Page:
When we let our idea of “biblical” gender roles blind us to abuse in marriages, in families, and in churches, we are “doing what’s right, though the world perishes.”

Even if we are not blinded, if we ignore or minimize suffering (as John Piper is doing above), we are “doing what’s right, though the world perishes.”

When we use our interpretation of scripture (without the humility to question whether we might be wrong, reading the Bible in translation, 2000+ years later, in a totally different cultural context) as a weapon, or an anesthetic that prevents us from feeling the pain of others, we are “doing what’s right, though the world perishes.”

But we’re not doing what’s right. Not really. And our means, no matter how righteous we may thing they are, are utterly and totally tainted by the pain we cause.

Our righteousness is like filthy rags to God. That’s not just a redundant restating of Romans 3:23. It isn’t a declaration of Calvin’s “total depravity.” It means that our rightness, our self-justifications, our focus on “doing the right thing” no matter what the cost to others … is just filthy.

And the world sees this. It’s not the gospel that’s offending them. It’s our warped Kantian-Calvinistic logic, our weaponized righteousness. And it should offend them.

Why Donate There, and not Here?

In response to my last post, I had a very legitimate question asked: Why donate to World Vision, presumably overseas, when there are so many people in America that are in need?

(My response ended up being longer than most of my posts, so I decided to make it its own post. I thought it would be easier to read that way. I’ll say right up front that Laura Tremaine has already said all this better than I can).

First, you can have it both ways. There are several World Vision operations within the United States. For example, this entire section deals with US-based needs: school supplies, food, general toiletries and necessities. And there’s no conflict between supporting local charities and international ones.

But I don’t want to dodge the question. The bottom line is, $500 is not a life-changing amount of money in the U.S. Not for anyone. But it is life-changing for people in Sri Lanka, Sierra Leone, or Uzbekistan, where it represents four months’ wages for the average worker … and the aid often goes to those who are not average, but in the greatest need.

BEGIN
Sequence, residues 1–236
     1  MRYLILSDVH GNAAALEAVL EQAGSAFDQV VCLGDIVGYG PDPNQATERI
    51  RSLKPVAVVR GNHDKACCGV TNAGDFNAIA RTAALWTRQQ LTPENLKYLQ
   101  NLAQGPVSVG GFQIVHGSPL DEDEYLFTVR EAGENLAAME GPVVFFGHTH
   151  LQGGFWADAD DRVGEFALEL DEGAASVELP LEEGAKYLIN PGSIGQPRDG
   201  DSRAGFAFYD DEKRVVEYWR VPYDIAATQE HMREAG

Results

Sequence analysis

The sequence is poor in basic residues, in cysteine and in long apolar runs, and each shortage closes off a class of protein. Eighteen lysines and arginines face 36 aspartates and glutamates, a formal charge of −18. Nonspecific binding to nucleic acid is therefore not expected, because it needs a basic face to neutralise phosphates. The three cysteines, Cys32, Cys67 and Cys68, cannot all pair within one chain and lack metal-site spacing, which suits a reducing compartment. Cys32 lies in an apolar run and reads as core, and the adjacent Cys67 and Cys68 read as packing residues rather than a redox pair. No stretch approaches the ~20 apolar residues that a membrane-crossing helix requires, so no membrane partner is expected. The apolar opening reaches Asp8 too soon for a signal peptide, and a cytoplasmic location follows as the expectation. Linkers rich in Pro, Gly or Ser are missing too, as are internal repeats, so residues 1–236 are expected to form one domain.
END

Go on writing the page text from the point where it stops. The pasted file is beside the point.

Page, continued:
Through an operation like World Vision, $500 can be the difference between clean water and contaminated water (Americans don’t have to worry about their children dying because they drank unsanitary water and contracted cholera), education and child labor (Americans don’t work full-time at age 8) or even child marriage or slavery. Here, $500 is nice. It’s a decent laptop, an iPad, or a couple of semester’s worth of college textbooks. There, it’s enough to change lives.

The magnitude of impact of a limited sum of money is so much greater where the need is greater, that it just makes sense. I don’t think, from a Christian perspective, that Americans have more intrinsic value than people in other nations.

And the need is so much greater there. We live in a fairly well-developed welfare state, one where emergency rooms have to treat anyone who comes in, regardless of ability to pay. One where WIC gives food to pregnant mothers and mothers with children. One where food stamps and unemployment insurance and social security and medicare and medicaid all provide a certain level of mandated support.

Yes, life is hard at that level, but there is clean water, free and mandatory public schooling for children, prohibitions on child labor, no significant threat of malaria or cholera, and food available. “Hunger,” as defined in the United States, is nothing like the life-and-death starvation that faces many of the poorest of the poor in developing nations. It’s a cliche, but it’s worth noticing: in America, the poor are disproportionately obese, not rail-thin.

The impact is greatest where the need is greatest. And that’s there, not here.